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States that legalized medical marijuana saw fewer traffic deaths: study

Posted on December 31st, 2011 by Global Ganja Report and tagged , , , , , , .

medical marijuanaA new study postulates a link between states with legalized medical marijuana and a reduction in traffic-related fatalities. The study was conducted by D. Mark Anderson, a Montana State University economics professor, and Daniel Rees, of the University of Colorado Denver. In looking at state-level data from sources such as the National Survey on Drug Use and Health, Anderson and Rees found that states with medical marijuana laws saw an average 9% decrease in traffic deaths. "We were pretty surprised that they went down," Rees told the Denver Post.

In an effort to explain the results, Rees said the passage of medical marijuana laws likely resulted in young people consuming less alcohol in favor of cannabis. "The result that comes through again and again and again is [that] young adults...drink less when marijuana is legalized and traffic fatalities go down," Rees told the Post. Anderson, Rees' fellow researcher, told the Missoulian that while the research doesn't prove that cannabis impairs driving less than alcohol, this remains a possibility. "It could be that," Anderson told the paper. "We're saying our results would be consistent with that."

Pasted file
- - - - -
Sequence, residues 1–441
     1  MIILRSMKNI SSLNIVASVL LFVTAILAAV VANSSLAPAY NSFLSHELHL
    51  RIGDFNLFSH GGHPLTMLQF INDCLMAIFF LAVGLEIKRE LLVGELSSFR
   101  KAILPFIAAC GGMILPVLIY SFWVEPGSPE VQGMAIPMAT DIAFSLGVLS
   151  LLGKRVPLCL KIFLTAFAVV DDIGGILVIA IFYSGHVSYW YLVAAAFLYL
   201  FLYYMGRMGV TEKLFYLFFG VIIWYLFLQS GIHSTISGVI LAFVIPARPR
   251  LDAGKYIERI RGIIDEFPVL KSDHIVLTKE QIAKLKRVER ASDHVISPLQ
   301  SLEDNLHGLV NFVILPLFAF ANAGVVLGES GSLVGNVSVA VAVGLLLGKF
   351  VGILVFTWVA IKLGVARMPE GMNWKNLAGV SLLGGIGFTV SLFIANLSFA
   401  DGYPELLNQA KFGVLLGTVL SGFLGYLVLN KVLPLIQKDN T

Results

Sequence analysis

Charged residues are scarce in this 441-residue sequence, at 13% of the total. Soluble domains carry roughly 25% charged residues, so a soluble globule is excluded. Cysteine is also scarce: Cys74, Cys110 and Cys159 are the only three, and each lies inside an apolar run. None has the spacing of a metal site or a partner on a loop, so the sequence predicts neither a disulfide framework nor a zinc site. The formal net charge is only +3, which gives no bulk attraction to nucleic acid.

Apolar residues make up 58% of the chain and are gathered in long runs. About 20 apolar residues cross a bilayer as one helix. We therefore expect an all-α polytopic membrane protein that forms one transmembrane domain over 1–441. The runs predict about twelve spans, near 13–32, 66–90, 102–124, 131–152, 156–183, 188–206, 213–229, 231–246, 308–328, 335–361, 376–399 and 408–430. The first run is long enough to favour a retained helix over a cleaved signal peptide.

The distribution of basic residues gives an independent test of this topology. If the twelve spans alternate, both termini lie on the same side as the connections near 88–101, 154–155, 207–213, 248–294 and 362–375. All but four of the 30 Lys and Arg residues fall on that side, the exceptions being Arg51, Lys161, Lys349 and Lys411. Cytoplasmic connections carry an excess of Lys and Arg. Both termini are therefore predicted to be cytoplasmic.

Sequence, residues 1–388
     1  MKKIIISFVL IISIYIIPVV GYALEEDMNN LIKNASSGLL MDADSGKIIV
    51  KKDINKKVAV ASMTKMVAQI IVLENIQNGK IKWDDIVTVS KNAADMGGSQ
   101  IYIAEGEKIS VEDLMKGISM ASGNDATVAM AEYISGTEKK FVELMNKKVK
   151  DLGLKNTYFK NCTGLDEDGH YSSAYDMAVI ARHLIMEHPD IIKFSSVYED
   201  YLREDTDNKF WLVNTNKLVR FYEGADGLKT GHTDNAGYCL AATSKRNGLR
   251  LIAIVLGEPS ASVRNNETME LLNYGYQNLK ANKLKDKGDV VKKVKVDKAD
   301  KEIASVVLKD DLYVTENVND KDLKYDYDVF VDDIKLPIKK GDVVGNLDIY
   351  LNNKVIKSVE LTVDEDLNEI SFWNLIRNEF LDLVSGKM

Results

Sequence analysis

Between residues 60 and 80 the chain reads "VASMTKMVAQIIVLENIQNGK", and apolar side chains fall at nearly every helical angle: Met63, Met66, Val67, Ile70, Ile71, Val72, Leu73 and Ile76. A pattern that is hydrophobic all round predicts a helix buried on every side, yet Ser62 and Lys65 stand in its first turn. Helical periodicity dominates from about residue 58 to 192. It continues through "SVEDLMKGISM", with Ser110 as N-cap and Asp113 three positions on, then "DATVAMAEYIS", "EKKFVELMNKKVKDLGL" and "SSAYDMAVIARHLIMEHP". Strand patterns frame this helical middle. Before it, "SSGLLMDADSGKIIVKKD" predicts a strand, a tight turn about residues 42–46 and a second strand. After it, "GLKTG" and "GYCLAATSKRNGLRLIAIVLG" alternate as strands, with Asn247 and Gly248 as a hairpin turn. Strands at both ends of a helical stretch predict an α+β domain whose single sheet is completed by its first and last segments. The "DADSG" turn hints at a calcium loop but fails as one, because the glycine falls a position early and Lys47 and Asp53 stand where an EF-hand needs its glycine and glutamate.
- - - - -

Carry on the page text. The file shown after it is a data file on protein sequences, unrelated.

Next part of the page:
But Discover magazine is skeptical of any strong causal relationship between legalized medical cannabis and traffic deaths. Wrote Discover: "There isn't crystal-clear evidence that medical marijuana laws actually do get people to smoke more pot—the three states they discuss, Montana, Rhode Island, and Vermont, have widely varying numbers of people signed up for medical marijuana, and although there was an increase in reported marijuana use in two of the states for some age groups, it wasn't huge."

The study also fails to look at states that have not legalized medical marijuana. The research was posted on the Institute for the Study of Labor's website and is under peer review by the Journal of Law and Economics. (Huffington Post, Dec. 30)

The notion that alcohol use is down in states that have legalized medical marijuana has also been corroborated by other studies.

Graphic by Herbal Remedies 

 

 

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